The MasterClass courses on writing are some of the very best in the world. First of all, they are taught by current bestselling authors such as James Patterson, David Sedaris, Dan Brown, Malcolm Gladwell, Shonda Rhimes, Judy Blume and more. You won’t find better writing teachers with more practical experience anywhere on the planet.
MasterClass courses offer these features:
- Bestselling authors and writers as teachers
- Downloadable content to watch offline anytime
- PDF workbooks for every class
- Hours of exclusive content, detailed lessons and practical advice
Cost: $15 per month/billed annually.
For great courses on a budget, Udemy is hard to beat. Most of these courses are deeply discounted for under $13. And, yes, they can be very good.
Here are two other Udemy courses worth noting:
Nonfiction Writing Courses
This course by bestselling author Joanna Penn covers everything from coming up with your idea to marketing your completed nonfiction book. This course offers 5 modules: Before You Write: Mindset, Before You Write: Business, Writing and Editing Your Book, Publishing and Product Creation and Marketing Non-fiction Books.
Cost: $297 (with several flexible payment options)
More than a mere course, this is a community where you can learn how to take an idea for a book and make it a self-published bestseller. The course covers how to come up with a winning idea, write the book, format the book, find a book cover, self-publish and launch the book and market the book.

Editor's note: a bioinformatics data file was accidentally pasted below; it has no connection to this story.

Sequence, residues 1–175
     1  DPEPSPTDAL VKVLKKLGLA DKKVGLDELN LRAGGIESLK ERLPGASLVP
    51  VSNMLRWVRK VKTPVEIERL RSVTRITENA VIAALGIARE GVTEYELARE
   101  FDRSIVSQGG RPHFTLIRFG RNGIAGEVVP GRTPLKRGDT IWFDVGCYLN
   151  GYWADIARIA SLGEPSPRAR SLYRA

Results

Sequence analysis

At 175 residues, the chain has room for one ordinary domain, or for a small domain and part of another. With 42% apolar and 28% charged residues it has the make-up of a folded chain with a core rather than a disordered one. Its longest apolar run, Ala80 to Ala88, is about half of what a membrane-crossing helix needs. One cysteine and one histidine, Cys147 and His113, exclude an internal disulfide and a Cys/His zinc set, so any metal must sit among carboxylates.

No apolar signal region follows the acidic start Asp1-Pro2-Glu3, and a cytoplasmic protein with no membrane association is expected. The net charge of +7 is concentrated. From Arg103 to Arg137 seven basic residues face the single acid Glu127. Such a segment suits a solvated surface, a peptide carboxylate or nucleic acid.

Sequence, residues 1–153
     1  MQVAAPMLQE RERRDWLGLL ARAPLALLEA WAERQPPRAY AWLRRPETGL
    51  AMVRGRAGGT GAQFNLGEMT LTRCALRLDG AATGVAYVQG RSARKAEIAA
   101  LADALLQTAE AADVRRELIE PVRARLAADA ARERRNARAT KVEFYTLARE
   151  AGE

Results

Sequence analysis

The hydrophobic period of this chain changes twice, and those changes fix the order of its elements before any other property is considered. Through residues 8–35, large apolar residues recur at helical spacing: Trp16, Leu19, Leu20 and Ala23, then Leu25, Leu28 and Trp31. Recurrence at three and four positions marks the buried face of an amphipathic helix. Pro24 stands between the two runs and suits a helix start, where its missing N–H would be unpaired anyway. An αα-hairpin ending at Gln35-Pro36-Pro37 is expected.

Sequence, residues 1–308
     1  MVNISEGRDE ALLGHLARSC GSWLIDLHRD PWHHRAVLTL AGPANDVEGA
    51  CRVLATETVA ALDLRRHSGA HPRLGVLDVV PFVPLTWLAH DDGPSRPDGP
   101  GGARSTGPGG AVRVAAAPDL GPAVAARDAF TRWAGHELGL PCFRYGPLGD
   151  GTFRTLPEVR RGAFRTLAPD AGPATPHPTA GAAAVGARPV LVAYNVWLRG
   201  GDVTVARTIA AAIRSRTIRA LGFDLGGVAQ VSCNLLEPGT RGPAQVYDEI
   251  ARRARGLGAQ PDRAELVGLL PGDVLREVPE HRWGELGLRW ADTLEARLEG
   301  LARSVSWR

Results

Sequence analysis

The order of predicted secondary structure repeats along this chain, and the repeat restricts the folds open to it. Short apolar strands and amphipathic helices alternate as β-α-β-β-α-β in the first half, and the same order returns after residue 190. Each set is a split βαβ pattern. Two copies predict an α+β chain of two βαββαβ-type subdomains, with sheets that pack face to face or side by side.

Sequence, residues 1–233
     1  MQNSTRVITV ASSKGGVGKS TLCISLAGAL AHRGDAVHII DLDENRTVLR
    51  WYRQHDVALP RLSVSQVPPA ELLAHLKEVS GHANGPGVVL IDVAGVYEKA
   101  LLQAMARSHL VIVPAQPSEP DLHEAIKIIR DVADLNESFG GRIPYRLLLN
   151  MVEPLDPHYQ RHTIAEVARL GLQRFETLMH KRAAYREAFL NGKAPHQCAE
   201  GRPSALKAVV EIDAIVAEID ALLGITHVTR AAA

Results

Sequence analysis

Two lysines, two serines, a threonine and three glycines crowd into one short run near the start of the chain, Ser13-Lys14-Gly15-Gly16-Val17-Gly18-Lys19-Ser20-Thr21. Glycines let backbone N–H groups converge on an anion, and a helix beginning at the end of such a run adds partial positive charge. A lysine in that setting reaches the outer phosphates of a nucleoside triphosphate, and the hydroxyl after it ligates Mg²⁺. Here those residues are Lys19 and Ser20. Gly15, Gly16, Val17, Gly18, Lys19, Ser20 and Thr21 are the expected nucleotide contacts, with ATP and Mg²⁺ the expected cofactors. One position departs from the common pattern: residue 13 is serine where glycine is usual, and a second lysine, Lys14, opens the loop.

Cost: $6,997 (super expensive for sure but something to consider when your income reaches a certain point)
Get Published: Query Letter Writing
If you want to get traditionally published, you need a query letter. A query letter is a one-page letter that introduces you and your book to a literary agent. Literary agents, in turn, connect authors with publishers.
Even if you plan to self-publish, learning how to pitch your story (sometimes called a book description or blurb) is indispensable.
Here’s What to Expect:
- 5 emails jam-packed with the best query secrets sent over the next five days
- Breakthrough, specific and proven tactics that you can put to use TODAY
- Insider shortcuts on writing a bestseller query letter
- Next level query secrets you won’t find anywhere else
- Zero rehash of what you can find a million other places online
- Zero fluff or filler
Here’s the Breakdown of the Lessons in the Course:
Lesson #1: Secret Structure of a Bestseller Query Letter
Lesson #2: The Number ONE Way to Easily Master Query Letters In Record Time With Zero Experience
Lesson #3: The PAS Formula for Writing the Perfect Pitch
Lesson #4: The Movie Trailer Method
Lesson #5: Summary and Conclusion (with exclusive bonuses)
So as a quick recap, what courses to take to become a writer depends on your experience, skill level and resources. You don’t have to take any courses, but there are many excellent courses to shorten your learning curve and to accelerate your transition into full-time income as a writer.